He continued: “And if we can’t make a deal, we take the land and we pay them through a court process. Which goes actually fairly quickly. And we’re generous. But we take the land. Otherwise you could never build anything. If you didn’t use eminent domain, you wouldn’t have one highway in this country. You have to use eminent domain.”

US Customs and Border Protection, which along with the US Army Corps of Engineers sent the letters to property owners, did not respond to a request for comment.

Trump makes up story about voter fraud and lies about border wall during Oval Office press conference

Legal experts say judges are often quite deferential to the government when it comes to things like border walls.

“What it’s going to come down to is how deferential the court will be to the finding of the federal government that this is for a public use,” says Michael Wolf, a professor and expert in eminent domain at the University of Florida.

“Public use is very broadly defined, and the protection of America from people we don’t want coming across the border would certainly be to the public benefit.”

The government knows that, right or wrong, forcing people off their land can cause major issues. A 2009 report compiled by the Department of Homeland Security’s inspector general, for instance, found the legal headaches lead to delays and increased costs.

“Gaining access rights and acquiring non-federal property has delayed the completion of fence construction and may increase the cost beyond available funding,” that report said.

Either way, that means the US court system could soon be clogged with hundreds of eminent domain challenges that will then make their way through the system, and could end up in jury trials.

Ricardo Garza, a staff attorney with the Texas Civil Rights Project, says his organisation is reaching out to landowners to help them when the government comes knocking. And they have seen this type of thing before.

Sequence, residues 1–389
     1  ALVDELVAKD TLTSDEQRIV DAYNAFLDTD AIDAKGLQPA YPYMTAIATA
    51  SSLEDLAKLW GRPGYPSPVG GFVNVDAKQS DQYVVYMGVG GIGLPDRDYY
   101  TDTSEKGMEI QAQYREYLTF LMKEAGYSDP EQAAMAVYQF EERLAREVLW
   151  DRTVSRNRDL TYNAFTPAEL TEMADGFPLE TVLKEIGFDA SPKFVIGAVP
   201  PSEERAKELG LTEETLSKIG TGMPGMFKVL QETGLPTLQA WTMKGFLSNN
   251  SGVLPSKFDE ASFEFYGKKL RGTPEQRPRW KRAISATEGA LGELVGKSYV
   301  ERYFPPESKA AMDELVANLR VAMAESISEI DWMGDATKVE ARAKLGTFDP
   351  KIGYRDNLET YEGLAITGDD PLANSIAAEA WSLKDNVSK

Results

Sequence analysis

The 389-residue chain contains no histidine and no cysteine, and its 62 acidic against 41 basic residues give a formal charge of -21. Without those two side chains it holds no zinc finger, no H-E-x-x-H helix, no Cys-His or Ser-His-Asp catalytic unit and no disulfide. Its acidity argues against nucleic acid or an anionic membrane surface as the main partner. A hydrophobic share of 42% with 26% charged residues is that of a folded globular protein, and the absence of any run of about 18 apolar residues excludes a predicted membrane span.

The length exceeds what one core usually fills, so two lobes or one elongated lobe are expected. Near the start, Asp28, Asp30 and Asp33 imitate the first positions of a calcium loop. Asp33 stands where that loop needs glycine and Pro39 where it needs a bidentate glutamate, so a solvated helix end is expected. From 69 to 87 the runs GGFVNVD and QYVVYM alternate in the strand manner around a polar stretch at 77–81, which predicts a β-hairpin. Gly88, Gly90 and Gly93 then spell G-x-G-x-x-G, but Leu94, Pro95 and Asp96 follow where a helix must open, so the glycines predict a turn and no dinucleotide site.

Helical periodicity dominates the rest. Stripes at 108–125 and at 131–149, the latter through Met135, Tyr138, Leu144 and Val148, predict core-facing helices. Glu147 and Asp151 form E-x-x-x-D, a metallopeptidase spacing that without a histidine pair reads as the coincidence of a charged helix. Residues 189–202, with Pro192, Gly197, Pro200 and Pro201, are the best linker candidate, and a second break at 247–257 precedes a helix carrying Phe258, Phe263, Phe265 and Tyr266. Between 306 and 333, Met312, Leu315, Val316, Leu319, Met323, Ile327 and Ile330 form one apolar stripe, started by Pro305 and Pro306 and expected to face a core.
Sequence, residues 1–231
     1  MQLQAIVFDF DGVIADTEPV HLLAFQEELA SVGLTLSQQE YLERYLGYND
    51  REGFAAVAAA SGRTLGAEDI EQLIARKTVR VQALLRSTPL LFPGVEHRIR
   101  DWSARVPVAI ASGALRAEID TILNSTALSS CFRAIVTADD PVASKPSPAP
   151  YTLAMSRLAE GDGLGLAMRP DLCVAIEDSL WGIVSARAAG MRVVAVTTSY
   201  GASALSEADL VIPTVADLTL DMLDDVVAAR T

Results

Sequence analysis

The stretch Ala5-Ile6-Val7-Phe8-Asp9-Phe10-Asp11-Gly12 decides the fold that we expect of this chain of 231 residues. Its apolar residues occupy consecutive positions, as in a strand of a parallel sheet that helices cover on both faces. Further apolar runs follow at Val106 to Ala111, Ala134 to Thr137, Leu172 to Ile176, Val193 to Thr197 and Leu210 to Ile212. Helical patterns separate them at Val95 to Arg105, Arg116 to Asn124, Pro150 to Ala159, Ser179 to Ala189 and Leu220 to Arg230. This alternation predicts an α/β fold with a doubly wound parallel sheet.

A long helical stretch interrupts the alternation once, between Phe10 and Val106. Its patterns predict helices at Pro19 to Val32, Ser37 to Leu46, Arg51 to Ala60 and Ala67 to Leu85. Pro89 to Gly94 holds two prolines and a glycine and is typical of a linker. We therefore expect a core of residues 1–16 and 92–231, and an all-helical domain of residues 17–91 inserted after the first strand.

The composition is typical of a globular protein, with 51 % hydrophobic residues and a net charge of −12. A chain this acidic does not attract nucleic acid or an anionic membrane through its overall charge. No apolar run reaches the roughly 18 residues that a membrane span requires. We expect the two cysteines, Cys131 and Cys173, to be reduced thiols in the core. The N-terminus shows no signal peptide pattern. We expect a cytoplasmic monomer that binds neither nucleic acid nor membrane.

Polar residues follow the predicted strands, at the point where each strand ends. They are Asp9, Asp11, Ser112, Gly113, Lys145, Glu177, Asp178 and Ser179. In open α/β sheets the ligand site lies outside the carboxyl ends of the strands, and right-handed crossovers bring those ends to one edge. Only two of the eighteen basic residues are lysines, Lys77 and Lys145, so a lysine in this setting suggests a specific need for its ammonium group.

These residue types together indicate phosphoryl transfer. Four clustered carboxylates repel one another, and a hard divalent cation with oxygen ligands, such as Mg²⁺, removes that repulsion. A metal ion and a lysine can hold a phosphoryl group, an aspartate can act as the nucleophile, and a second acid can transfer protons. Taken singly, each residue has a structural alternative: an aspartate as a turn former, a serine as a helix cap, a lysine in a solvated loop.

“In southern Texas this stuff has been going on for a long time,” Mr Garza says. “It has been a bipartisan issue and it’s unfortunately treating the border as a sacrifice zone.”

Other groups or landowners that have sued the government or are facing eminent domain claims from the government in recent months includes a Catholic chapel in Brownsville. And birdwatching groups who have sued say the border would prevent wildlife from getting to the river and would dehydrate vulnerable populations – or drown them when flooding occurs.

“If you have 16-to-18ft vertical concrete walls … nothing can get out and noting can pass,” Jim Chapman, the president of the Frontera Audubon Society says, noting other damaging features would include the clearing out of habitat within 150ft of the fence.

At the National Butterfly Centre in Mission, Texas, Marianna Trevino-Wright says she came across federal contractors last year while they were already beginning to survey the land and cut down trees. She encountered them months before appropriations to build any new wall were approved in Congress, she says, and was then visited by uniformed border officers who disputed that she had seen federal contractors on her land.

“I encountered five workers, three with chainsaws, one with a bush hog,” Ms Trevino-Wright says of her initial encounter.

Ms Trevino-Wright says that, like Ms Gaytan’s border-adjacent property, there is little or no migrant traffic coming through. Things are safe, she says. So much so that the centre hosts an annual camp out for Girl Scouts.

“Little girls with their troop leaders come and spend the night outdoors here,” she says. “This is a complete b******t state of emergency.”

Ms Gaytan, the woman whose family has lived in their home on the border for five generations, says she supports border security but does not think a wall would be at all effective.

She has seen for herself, and heard the stories of walls only providing temporary barriers until criminals figure out how to get through them. Or over them. Or under them.

“A wall is just literally an illusion of safety. It’s like my fence. Yes, I have a fence around my house. It’s for the illusion of privacy, not security, because that is not going to stop anybody from coming in,” she says.

“If they want to break into my house, if they want to steal something, they’re just going to go ahead and do it.”